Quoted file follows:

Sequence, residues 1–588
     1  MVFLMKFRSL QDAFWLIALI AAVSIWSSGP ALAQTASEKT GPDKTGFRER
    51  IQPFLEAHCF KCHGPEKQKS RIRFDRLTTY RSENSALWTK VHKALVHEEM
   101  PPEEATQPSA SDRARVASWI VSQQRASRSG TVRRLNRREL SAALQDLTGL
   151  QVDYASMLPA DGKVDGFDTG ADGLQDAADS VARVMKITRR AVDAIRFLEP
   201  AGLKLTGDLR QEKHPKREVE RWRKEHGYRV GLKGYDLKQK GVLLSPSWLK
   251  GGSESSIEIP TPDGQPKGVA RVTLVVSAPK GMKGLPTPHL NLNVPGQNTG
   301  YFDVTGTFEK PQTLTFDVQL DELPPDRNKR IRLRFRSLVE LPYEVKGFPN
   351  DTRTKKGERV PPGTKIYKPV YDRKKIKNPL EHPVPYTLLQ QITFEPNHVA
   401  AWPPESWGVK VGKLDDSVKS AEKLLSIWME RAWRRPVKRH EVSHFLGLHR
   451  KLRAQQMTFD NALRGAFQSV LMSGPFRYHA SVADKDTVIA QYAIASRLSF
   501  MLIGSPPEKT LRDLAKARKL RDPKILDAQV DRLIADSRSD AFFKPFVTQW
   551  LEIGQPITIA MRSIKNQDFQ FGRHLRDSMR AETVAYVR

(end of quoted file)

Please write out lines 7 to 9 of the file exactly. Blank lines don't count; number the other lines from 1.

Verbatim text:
   251  GGSESSIEIP TPDGQPKGVA RVTLVVSAPK GMKGLPTPHL NLNVPGQNTG
   301  YFDVTGTFEK PQTLTFDVQL DELPPDRNKR IRLRFRSLVE LPYEVKGFPN
   351  DTRTKKGERV PPGTKIYKPV YDRKKIKNPL EHPVPYTLLQ QITFEPNHVA